About Me

Education, the knowledge society, the global market all connected through technology and cross-cultural communication skills are I am all about. I hope through this blog to both guide others and travel myself across disciplines, borders, theories, languages, and cultures in order to create connections to knowledge around the world. I teach at the University level in the areas of Business, Language, Communication, and Technology.

Sunday, January 24, 2010

Are there differences in learning at different educational levels?

I have addressed this issue in the past in which I find many people at different educational levels (primary, secondary, higher ed, adult/training) differentiate the learning at different levels. What I always find interesting is that K-12 teachers discount me because of my limited experience in formal primary and secondary schools (although I have extensive experience in informal learning at these levels) and training professionals discount much of what I say as not being relevant for the workplace (despite the fact I my first 5 years of teaching was at the corporate level).

Recently, I commented on another blog in which many of the blog basically discounted what I had to say because they labeled me an "educator" rather than a "trainer". One person commented that because I used "student" instead of trainee, that I really was speaking from the traditional "education" sector (as if this were different than corporate training). This has been bothering me for a while and I finally tried to reflect on what the differences might be.

In my experience (informal education at the k-12, formal education in higher ed, and formal and informal education at the organizational level) basic learning concepts are the same. I try to be student centered, while at the same time maintaining a "teaching presence" and being aware of the technology, social and cognitive presence of the content and learning environment (Garrison and Anderson, 2003). I feel Garrison and Anderson's model is universal in today's learning, regardless of mode of delivery, content, or level of education (even though the model was developed for elearning).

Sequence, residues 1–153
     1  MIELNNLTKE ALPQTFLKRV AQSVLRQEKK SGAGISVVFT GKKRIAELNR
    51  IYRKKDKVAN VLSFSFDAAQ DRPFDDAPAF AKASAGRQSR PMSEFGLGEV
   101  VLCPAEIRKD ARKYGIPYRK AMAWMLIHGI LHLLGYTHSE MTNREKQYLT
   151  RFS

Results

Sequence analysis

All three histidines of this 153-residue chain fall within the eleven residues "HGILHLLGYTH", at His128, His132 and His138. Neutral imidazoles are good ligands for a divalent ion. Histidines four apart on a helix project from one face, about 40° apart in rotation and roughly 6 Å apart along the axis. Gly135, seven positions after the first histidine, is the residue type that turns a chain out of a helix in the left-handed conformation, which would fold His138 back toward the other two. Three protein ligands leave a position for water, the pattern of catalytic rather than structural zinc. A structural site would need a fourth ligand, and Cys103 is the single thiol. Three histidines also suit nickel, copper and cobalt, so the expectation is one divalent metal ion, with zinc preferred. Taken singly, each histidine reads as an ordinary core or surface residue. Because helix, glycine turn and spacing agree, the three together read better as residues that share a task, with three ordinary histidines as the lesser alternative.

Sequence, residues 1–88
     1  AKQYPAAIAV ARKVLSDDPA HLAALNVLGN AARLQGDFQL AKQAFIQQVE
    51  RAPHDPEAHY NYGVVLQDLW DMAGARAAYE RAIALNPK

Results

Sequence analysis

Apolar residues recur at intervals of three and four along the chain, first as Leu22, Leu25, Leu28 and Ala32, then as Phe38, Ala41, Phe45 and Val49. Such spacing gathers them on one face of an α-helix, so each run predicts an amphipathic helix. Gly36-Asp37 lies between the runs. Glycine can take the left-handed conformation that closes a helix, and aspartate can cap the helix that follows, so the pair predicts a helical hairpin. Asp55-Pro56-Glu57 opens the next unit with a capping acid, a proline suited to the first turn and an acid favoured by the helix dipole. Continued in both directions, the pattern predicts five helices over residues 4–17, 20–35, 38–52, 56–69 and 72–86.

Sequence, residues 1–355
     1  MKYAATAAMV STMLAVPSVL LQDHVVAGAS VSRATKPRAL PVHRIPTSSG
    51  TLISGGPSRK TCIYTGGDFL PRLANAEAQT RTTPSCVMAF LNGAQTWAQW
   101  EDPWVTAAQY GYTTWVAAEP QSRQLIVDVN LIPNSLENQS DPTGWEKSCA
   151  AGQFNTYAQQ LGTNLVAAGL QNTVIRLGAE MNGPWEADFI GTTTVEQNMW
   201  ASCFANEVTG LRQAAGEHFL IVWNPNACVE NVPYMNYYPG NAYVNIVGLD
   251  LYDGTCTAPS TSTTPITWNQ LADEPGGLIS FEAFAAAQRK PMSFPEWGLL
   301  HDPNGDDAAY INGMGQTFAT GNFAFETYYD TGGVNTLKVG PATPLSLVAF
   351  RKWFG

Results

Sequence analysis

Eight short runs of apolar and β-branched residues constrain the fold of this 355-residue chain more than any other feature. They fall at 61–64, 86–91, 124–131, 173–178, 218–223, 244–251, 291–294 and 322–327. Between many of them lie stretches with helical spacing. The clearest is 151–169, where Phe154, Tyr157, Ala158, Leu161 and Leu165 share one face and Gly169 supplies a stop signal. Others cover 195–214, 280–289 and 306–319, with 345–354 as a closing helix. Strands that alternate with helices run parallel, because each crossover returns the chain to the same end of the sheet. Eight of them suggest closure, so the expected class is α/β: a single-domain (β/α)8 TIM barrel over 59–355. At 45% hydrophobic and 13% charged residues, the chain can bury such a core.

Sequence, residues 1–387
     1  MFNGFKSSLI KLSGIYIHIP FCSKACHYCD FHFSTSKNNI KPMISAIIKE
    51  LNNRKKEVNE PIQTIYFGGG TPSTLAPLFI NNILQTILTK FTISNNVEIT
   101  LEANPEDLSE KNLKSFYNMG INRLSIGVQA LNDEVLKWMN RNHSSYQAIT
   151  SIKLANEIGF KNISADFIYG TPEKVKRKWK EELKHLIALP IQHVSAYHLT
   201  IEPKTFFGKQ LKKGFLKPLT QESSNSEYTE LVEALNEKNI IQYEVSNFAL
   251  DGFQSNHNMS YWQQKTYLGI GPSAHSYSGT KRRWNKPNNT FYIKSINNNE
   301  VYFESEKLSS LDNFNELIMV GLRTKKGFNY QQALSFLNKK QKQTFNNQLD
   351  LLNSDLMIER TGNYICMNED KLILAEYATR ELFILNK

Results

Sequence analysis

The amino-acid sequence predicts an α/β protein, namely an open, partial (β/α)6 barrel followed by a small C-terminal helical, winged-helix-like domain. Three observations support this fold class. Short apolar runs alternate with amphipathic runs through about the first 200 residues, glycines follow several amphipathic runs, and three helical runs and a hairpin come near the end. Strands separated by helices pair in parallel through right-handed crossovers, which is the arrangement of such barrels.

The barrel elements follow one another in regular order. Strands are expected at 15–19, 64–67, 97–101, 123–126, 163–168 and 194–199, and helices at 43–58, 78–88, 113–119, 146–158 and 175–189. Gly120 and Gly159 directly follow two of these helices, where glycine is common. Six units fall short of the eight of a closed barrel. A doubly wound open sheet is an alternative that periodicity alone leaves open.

HOW a teacher, instructor, or trainer makes their presence known and the amount of support a student or trainee might need in learning IS dependent on the level of knowledge the student/trainee already possesses about the topic/content, their motivation in learning, the amount of time they have to learn something, how they will be assessed in their learning, and their expectations for instruction.

For example, my daughter goes to a school that is based on experiential and cooperative learning methods. Most of the students who go to the school come from traditional educational environments. It takes the students about half a year to become familiar with these methods. By sophomore year, they need less direct teacher instruction, and thus less teacher presence. However, newer teachers have difficulty balancing student need with teacher instruction. It takes a new sophomore or junior level instructor about half a year before they become comfortable allowing students to come to them. This, in fact is no different than a trainer understanding when to direct trainees and when to react to their questions.

Suddenly, as I began to work through this difficulty I had with different levels of education thinking that they are different in their approach to teaching, I realized that the 21st century needs a new model that will follow through all levels of education. I saw a model on a blog this year (I can't remember whose or where it was...let me know if you have the post so I can bookmark it!) that was a grid of formal and informal learning and on the other axis, the level of complexity of the content. The intersection resulted in different categories of learning objects. I could see this adapted so that there were different categories of syllabi or curricula based on the level of formality of the learning and the complexity of the content.

All of this points to me the need to train teachers and trainers in the art of developing a flexible curriculum and syllabus. My point in the comment in which the trainers did not like what I posted was that sometimes there needs to be a more rigid structure for training (i.e. to comply with professional laws, such as CPA's, healthcare providers, or lawyers) and other times there can be more flexibility. However, there should always be structure. Just like an open amphitheater can deliver the same service as a music hall or arena (a venue for concerts for example), to do so there has to be some structure (seating area, performance area, acoustics). But definitely it's structure is much more open and less formal than the other two venues, so some concerts will have different "feeling" in an amphitheater than in a small concert hall or a large arena . Likewise, the "feeling" of learning will differ with different learning structures.

Resource: Garrison, D., & Anderson, T. (2003) . E-learning in the 21st Century. London: RoutledgeFarmer

2 comments:

Kris said...

I'm happy that there's lot of people who continue to help evolve the eLearning approach, many doors have opened to reach people's academic goal.

V Yonkers said...

Kris, what do you think the "elearning" approach is? Do you think it differs at different levels?